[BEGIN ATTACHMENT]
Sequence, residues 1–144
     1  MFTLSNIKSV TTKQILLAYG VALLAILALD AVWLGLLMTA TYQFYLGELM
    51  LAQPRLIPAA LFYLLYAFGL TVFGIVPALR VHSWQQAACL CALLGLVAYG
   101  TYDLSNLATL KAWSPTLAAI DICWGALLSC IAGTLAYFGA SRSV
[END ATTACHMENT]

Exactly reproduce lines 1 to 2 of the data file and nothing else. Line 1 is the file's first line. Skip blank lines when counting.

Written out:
Sequence, residues 1–144
     1  MFTLSNIKSV TTKQILLAYG VALLAILALD AVWLGLLMTA TYQFYLGELM